FOXBORO (CBS) – Massachusetts Gov. Charlie said Wednesday that despite positive coronavirus trends in recent days, non-essential businesses in the state will not be allowed to reopen prior to the targeted date of May 18.
Baker made the remarks outside Gillette Stadium following a Massachusetts State Police swearing in ceremony.
A mandatory face mask order went into effect for Massachusetts starting Wednesday.
“Our goal starting on May 18 is to begin reopening certain types of businesses in a limited fashion, where it can be done more safely than under normal operations. But this phased in process can’t begin until we see sustained downward trends in many of the data elements that we talk about every day,” said Baker.
Baker noted that face coverings will be expected at all times in grocery stores, retail stores, and on public transportation.
Residents are asked not to wear medical grade masks in order to save those for healthcare workers, first responders, emergency management personnel, and public safety workers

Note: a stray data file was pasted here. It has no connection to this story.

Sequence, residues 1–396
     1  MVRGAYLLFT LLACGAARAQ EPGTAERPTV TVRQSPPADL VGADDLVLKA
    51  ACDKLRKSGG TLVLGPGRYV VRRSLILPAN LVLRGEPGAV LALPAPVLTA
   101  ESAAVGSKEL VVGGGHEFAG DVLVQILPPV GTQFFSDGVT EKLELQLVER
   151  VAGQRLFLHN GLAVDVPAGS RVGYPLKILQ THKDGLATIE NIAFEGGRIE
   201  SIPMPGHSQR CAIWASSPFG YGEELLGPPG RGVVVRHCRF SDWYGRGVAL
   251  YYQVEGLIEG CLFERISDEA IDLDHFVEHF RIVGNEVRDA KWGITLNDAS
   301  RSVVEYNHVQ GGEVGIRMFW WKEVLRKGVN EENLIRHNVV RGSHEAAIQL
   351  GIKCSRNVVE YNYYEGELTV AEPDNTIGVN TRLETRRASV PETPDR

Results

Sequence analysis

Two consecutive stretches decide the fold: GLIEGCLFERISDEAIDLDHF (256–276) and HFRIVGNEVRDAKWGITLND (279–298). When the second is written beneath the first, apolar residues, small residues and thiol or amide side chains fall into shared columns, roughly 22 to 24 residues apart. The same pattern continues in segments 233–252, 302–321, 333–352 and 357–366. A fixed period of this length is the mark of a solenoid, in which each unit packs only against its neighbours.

“Since we issued the order, we have heard time and time again from people who work in the public transportation system, people who work in pharmacies, people who work in grocery stores, and people who face customers as essential businesses during this pandemic, have thanked us time and time again for putting mechanisms in place to ensure the safety not just of their customers, but also themselves and their families,” said Baker.
Baker has faced growing questions from the golf industry in recent days. Vermont and New Hampshire announced plans to reopen in the near future, and Wednesday afternoon Maryland’s governor said courses can welcome golfers back Thursday morning.
As a result, Massachusetts is now the only state where it is not clear when golfers can return to courses.
The governor was asked specifically about golf during his Wednesday press briefing after recent comments from a course owner who said she planned to open despite the order.
“Let’s hope and anticipate that people don’t start breaking the law. That would be a bad thing,” said Baker.
“We gave them [cities and towns] the ability, up to a certain level, to issue both warnings and fines. It’s my expectation that that won’t be necessary.”